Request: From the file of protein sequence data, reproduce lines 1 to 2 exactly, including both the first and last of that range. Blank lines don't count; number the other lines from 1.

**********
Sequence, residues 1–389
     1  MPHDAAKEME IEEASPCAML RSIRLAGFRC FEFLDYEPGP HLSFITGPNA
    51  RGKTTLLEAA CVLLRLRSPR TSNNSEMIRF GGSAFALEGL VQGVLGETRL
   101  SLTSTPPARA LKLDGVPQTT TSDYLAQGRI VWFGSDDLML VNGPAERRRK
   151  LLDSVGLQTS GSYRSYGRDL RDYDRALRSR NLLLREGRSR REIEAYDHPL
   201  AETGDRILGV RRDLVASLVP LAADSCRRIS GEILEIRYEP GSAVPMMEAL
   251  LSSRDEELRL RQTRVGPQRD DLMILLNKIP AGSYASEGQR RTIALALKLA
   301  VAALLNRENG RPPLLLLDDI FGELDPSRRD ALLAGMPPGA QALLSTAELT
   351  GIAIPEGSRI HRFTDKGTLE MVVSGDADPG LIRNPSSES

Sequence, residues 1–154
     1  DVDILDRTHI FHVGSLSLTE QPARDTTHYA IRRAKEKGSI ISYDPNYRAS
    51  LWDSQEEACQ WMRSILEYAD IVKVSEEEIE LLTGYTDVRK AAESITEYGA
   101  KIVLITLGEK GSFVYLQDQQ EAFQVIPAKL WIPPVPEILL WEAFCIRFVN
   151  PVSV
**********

Sequence, residues 1–389
     1  MPHDAAKEME IEEASPCAML RSIRLAGFRC FEFLDYEPGP HLSFITGPNA